When the pattern is not identified as a TDMA pattern, the operation proceeds to Step 755 in which a signal requesting a channel change is transmitted. The operation thereafter returns to the initialization Step 705.
The task processing short pulses locks itself in step 710 when it has no data to process or after completing the processing of available data. The task for processing short pulses is unlocked by the ISR (i.e. as in step 630 of
The algorithm for identifying the short pulse radar signature is very complex and requires a large amount of CPU time. For this reason the algorithm is executed only from time to time. For preventing the execution of this complex algorithm when the set of collected data is incomplete, a method for identifying the End of Burst (EOB) is implemented.
The EOB algorithm is executed at the reception of every short pulse and requires very little computation and identifies if a burst of pulses have ended or not, when the radar pulses are received interleaved with other interfering signals.
The algorithm has as scope to identify, through not complicated computations, the moment when enough data has been stored and it can be used for identifying radar patterns. More precisely, the algorithm filters the number of samples collected in a sliding window of preset size (100 ms, for example) and identifies when the filtered value starts decreasing. Since the number of short radar pulses is much higher than the number of other random interfering signals, at the end of a burst of radar pulses the count of pulses in a sliding window drops very fast.
Similar result can be achieved by filtering the interval between successive receptions of pulses or interfering signals. The size of the filtered interval increases after the burst of short pulses has ended, but signals from other interfering sources continue to be received.
The algorithm for detecting EOB handles the following variables:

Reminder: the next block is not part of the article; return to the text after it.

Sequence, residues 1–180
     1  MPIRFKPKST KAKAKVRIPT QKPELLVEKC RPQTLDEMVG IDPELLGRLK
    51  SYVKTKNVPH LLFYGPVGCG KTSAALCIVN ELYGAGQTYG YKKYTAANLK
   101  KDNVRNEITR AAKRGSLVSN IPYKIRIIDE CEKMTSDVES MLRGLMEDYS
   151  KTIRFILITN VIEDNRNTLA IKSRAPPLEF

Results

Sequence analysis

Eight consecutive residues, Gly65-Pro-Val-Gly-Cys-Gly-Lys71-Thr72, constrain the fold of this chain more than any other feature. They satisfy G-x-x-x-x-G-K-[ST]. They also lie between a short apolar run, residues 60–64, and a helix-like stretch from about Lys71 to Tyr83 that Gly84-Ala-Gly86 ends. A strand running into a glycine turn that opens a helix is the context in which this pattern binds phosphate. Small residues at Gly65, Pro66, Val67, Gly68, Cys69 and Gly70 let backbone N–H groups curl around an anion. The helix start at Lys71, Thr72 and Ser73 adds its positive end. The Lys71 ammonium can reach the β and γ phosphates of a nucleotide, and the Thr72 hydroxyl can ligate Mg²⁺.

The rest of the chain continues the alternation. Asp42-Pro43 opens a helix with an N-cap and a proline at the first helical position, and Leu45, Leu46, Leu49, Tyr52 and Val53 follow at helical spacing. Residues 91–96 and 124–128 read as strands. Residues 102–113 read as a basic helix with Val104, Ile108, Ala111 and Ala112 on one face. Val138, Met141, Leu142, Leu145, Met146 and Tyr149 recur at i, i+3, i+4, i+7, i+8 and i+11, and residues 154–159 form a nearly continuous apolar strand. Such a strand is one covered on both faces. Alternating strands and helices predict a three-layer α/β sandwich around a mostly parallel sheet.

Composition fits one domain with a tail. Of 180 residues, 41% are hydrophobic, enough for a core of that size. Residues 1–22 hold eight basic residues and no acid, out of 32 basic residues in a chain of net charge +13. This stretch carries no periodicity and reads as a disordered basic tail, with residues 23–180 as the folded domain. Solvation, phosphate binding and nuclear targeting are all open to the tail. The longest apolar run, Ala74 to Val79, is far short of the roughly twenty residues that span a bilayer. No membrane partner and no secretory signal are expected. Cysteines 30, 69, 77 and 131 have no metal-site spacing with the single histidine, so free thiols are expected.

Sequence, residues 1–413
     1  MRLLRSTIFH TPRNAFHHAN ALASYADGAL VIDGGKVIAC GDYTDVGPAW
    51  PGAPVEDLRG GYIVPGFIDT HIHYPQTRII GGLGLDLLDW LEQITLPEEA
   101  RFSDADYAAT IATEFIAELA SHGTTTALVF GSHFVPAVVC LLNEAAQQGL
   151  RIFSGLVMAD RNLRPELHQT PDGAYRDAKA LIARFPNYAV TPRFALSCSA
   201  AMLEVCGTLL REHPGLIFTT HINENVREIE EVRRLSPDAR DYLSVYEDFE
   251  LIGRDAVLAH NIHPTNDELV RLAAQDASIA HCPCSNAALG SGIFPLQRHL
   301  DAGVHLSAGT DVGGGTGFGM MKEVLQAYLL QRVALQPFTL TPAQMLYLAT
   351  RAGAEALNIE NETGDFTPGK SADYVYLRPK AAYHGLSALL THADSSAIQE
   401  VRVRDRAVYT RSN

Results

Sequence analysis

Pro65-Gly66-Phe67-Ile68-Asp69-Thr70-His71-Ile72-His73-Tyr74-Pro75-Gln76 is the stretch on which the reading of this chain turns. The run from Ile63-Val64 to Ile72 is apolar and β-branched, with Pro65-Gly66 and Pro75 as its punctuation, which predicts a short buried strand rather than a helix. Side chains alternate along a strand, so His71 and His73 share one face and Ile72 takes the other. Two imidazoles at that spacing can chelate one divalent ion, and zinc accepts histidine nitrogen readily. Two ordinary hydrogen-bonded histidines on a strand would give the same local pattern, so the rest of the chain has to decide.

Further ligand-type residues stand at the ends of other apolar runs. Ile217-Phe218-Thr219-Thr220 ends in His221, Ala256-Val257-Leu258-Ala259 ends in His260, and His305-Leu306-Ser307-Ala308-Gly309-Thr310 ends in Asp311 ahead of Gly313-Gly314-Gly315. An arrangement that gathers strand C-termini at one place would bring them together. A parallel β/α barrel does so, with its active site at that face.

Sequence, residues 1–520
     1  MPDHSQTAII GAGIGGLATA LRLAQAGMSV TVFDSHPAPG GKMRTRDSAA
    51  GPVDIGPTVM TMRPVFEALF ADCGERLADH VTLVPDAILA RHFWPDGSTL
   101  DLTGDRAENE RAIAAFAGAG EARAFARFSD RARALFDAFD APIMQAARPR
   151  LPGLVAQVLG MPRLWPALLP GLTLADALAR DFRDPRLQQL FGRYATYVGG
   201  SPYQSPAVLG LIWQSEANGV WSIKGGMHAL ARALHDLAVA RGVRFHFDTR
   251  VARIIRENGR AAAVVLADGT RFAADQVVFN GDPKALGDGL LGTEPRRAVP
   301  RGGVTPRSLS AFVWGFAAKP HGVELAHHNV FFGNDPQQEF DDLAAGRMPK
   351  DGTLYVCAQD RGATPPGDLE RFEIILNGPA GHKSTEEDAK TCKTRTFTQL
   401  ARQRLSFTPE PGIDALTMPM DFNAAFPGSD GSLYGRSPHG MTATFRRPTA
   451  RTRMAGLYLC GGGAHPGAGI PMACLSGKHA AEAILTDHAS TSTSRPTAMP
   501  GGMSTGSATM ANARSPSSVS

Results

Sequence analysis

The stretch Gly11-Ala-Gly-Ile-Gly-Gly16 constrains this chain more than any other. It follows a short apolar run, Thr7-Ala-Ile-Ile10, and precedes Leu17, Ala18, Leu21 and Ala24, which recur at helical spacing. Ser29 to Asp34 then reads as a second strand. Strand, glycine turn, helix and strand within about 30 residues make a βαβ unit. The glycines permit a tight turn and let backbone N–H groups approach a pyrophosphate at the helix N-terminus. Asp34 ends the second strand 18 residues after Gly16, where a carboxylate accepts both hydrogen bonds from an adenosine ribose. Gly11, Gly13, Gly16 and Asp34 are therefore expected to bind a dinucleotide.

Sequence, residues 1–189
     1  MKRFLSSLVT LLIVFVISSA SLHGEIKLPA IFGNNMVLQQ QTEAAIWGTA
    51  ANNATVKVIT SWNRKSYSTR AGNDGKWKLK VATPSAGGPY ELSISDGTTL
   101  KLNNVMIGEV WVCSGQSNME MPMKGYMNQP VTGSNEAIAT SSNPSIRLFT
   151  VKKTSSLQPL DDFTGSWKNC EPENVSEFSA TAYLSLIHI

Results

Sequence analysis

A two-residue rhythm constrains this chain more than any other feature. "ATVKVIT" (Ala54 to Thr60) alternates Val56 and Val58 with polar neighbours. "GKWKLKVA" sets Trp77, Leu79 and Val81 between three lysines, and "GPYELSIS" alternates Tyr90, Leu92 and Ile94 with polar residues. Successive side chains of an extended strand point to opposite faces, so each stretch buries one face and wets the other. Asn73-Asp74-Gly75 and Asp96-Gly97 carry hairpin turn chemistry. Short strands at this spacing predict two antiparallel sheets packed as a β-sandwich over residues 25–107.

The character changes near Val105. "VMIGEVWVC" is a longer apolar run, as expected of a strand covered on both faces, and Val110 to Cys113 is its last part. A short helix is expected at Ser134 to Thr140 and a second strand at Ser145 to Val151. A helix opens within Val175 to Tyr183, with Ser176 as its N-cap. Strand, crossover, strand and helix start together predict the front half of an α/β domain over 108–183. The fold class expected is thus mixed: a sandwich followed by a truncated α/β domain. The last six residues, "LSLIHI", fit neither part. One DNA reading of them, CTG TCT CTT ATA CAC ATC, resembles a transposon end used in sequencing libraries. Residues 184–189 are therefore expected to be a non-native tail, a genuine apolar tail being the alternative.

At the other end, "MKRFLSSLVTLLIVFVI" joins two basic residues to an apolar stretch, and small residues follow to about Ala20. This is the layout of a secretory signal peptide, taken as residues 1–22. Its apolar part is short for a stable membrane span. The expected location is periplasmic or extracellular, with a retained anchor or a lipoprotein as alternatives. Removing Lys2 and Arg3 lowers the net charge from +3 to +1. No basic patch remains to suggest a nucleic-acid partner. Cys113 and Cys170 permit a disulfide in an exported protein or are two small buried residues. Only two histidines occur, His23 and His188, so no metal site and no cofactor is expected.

As illustrated in
Next, in Step 815, it is determined whether the first record in the subset is older than 100 ms compared with the time when the last pulse has been received. When the time of arrival of the last record is greater than 100 ms after the time of arrival of the first record, the operation continues to Step 820, in which the index “First100” is advanced by one and the counter of records “Count100” is decreased by one. The operation then cycles back to Step 815.
Alternatively, when all records located between index “First100” and index “Last” were received in the last 100 ms, the operation continues to Step 825 and the algorithm computes the filtered (an Infinite Input Filter is very adequate to this purpose) value of the number of records and stores it in field “Count” at position “Last”.
Next, in Step 830, it is determined whether there is a drop in last three filtered values of the COUNT. For this purpose the “Last” value of “Count” is checked to determine if it is smaller than the value before the last (position “Last-1”); and if the value of “Count” before the last is larger or equal with the value of “Count” at position “Last-2”. When the “Last” value of “Count” is smaller than the value before the last (position “Last-1”) and the value of “Count” before the last is larger or equal with the value of “Count” at position “Last-2”, the algorithm returns TRUE (EOB has been identified) in Step 835. When the “Last” value of “Count” is not smaller than the value before the last (position “Last-1”) or the value of “Count” before the last is smaller than the value of “Count” at position “Last-2”, the algorithm returns FALSE in Step 840.